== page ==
Here’s the truth: No matter how hard a teacher tries, there will always, always be a few students who choose* not to perform. I’m not saying a teacher should give up trying to motivate students or stop encouraging students to try their best, but there will be times when students choose to remain unmotivated and passive. This happens for all sorts of reasons, too many to go over here since that’s not the subject of this particular post.
So what do we do with those students who won’t perform in the meantime, during the time that we are trying to get them to come around but before they actually do? What do we do with those students particularly when it comes to group projects when their lack of participation affects more than just themselves?
Well, I know what I used to do. I used to spread those students around. If I had 20 students in a class with 3 or 4 slackers, I would put one slacker in each group of 5 for group assignments. My thought was that being around other motivated, performing students might put pressure on the slacker, and if nothing else, at least the slackers wouldn’t all be in one group, so something would get done. Two things usually ended up happening in those situations though. First, the rest of the group did the work of the slacker, and the slacker got more credit than he or she deserved. This happened to some degree even when I’d built into the assessment both group and individual components. Second, the morale of the whole group suffered as a result of the attitude of the slacker. Someone once said, “Misery is a communicable disease,” and misery is a particularly aggressive disease amongst students. Letting students choose their own groups didn’t solve the problem either because slackers aren’t always friends with one another and are often smart enough to put themselves in a group with other students who will do the bulk of the work, i.e. not other slackers. (Why other students allow this to happen is the subject of another post, I think.)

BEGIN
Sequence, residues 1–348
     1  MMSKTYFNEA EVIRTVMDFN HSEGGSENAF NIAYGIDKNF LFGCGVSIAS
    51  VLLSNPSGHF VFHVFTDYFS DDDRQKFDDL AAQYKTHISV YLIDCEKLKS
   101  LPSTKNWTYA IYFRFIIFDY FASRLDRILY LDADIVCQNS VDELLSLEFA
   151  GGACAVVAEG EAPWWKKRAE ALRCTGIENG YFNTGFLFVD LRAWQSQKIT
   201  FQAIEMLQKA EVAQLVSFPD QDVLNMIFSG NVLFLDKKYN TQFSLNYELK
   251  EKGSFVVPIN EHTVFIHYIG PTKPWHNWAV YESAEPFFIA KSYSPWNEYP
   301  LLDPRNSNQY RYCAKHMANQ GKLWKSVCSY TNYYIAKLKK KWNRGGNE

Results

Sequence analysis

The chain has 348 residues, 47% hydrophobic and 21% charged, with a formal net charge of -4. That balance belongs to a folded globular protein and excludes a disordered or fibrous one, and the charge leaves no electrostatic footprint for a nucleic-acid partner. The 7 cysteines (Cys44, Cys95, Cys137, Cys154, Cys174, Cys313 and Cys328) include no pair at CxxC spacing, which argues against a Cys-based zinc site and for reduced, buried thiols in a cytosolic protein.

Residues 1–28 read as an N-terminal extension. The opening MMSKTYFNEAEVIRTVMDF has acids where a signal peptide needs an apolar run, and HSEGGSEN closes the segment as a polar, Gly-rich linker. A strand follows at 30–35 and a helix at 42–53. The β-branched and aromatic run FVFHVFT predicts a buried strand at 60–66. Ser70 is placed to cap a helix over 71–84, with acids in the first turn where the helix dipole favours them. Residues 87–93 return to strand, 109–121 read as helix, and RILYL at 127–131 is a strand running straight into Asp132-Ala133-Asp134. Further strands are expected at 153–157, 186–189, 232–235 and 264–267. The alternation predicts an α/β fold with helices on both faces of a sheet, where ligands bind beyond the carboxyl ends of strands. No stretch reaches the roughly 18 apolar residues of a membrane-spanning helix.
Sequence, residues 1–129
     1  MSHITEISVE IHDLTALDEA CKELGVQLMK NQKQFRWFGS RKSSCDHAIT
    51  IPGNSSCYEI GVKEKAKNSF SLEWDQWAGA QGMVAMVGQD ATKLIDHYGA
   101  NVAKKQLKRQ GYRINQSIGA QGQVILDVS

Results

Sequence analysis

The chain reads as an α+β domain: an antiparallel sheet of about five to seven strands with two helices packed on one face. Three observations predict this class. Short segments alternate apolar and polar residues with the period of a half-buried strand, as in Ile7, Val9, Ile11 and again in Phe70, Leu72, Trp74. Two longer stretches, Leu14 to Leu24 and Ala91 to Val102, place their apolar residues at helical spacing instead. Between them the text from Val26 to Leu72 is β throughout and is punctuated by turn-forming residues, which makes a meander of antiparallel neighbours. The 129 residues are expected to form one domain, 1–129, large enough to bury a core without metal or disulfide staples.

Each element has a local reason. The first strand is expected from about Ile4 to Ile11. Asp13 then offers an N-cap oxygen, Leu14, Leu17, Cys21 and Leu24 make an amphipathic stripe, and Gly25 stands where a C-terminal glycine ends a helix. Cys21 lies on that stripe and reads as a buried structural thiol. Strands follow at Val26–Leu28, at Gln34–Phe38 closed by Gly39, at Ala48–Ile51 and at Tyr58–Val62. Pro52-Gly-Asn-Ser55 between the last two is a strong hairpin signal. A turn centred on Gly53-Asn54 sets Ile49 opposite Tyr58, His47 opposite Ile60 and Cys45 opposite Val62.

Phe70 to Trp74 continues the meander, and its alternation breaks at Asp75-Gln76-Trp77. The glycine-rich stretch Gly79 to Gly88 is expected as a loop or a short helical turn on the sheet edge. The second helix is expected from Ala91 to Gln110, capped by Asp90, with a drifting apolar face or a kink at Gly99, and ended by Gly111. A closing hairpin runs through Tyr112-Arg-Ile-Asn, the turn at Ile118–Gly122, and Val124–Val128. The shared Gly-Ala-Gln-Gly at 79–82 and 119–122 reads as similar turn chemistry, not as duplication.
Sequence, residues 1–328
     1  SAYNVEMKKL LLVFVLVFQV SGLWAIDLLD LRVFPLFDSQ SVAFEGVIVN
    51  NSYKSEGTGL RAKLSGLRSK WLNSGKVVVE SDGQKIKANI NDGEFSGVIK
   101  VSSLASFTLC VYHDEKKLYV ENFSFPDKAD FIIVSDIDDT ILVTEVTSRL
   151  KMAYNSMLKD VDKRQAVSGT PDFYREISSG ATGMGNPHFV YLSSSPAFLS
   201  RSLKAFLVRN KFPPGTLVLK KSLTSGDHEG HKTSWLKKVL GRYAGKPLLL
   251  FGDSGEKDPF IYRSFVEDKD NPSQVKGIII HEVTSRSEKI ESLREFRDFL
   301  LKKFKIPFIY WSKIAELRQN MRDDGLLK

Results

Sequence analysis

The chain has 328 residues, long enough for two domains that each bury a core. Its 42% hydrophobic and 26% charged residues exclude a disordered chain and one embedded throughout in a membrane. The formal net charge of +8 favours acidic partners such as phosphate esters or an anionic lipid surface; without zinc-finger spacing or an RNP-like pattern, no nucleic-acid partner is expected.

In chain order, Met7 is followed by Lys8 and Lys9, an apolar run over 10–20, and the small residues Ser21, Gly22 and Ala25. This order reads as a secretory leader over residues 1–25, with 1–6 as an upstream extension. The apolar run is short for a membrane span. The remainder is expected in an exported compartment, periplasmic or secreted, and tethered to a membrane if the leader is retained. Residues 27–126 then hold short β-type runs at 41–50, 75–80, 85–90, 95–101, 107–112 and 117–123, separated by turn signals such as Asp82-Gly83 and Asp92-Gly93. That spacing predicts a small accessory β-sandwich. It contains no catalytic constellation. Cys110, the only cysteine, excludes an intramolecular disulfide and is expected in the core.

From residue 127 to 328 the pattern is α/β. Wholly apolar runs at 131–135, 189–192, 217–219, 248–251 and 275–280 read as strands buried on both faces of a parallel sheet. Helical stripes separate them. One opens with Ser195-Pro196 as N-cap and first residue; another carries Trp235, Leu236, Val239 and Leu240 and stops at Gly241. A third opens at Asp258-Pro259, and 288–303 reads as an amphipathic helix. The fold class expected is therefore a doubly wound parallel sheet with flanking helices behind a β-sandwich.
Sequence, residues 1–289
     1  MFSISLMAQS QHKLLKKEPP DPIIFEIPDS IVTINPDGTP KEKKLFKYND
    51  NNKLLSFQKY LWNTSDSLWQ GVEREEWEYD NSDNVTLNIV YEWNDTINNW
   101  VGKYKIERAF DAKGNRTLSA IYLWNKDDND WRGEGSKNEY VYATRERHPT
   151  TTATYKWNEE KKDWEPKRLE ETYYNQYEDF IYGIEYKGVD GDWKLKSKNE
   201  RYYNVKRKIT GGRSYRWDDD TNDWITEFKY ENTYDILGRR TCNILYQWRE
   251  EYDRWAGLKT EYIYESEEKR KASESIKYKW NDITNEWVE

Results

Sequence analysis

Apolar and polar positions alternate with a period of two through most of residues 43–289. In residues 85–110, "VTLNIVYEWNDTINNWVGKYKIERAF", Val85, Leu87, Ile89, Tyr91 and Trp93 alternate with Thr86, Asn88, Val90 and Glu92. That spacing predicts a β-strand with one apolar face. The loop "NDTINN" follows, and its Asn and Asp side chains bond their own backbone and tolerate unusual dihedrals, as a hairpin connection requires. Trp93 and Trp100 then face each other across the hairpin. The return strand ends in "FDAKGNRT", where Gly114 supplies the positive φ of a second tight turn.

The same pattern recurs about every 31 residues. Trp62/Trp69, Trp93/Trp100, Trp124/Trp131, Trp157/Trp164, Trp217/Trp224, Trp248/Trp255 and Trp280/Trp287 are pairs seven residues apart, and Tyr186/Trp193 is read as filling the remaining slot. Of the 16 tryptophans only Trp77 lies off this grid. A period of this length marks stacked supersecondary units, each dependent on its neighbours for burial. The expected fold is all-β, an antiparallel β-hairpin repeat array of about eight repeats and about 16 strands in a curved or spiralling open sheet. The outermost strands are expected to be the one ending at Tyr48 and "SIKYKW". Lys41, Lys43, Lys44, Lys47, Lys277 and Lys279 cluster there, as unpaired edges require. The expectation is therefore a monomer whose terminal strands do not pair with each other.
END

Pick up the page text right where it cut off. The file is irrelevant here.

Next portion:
So currently I’m trying something different in one of my government classes. The students are working in groups of my choosing. But instead of spreading the slackers around the room, for the most part, I put all of them in one group. A couple of things have happened as a result. First, the remaining groups are working more efficiently, as I suspected they would. Second, the slacker group is realizing that unless they do the work, it won’t get done. There’s no one there to pick up the slack, if you will pardon the pun.
Now, I will be honest. I actually have no idea if come Monday I will get much of anything from my “slacker” group. They may turn in a great product or absolutely nothing or something in between. Right now, I’m checking on them, I’m prodding them, I’m answering any questions they have. Ultimately, however, whether they complete the assignment is their choice. But I think, no matter what happens, there’s plenty of good lessons for them and their classmates to learn, not the least of which is personal responsibility.
There are two other things of note as well. One of the things I found most interesting about this whole experience was the students’ reactions when I announced the groups. The students themselves knew when I read the names in each group what I had done – both the slacker and non-slackers. They talked about how I had “stacked” the groups, not on ability but on work ethic. The fact that all students were aware (and unashamed I might add) tells me a lot. Another interesting thing is how the “non-slacker” groups are working. They appear to be working together more than I usually would see. The project could be done by dividing the workload, making each individual student responsible for one specific part of the whole, which is what usually happens. Yet one group asked me today if they could work on the project as a cohesive whole. When I explained that meant that I would have to grade them as a whole, with no individual component and everyone getting the same grade, they readily agreed. I believe they agreed because they trusted that everyone in the group would pull his or her own weight, and they believed that the grade they earned would accurately reflect the work put in of each member.
So will I do this for every group project? No, of course not. But it is making me rethink how I assess group work and how I reach the less-motivated students.
*Notice I’m using the word choose here. I’m doing this deliberately. I’m not talking about those students who can’t perform, but those who won’t perform.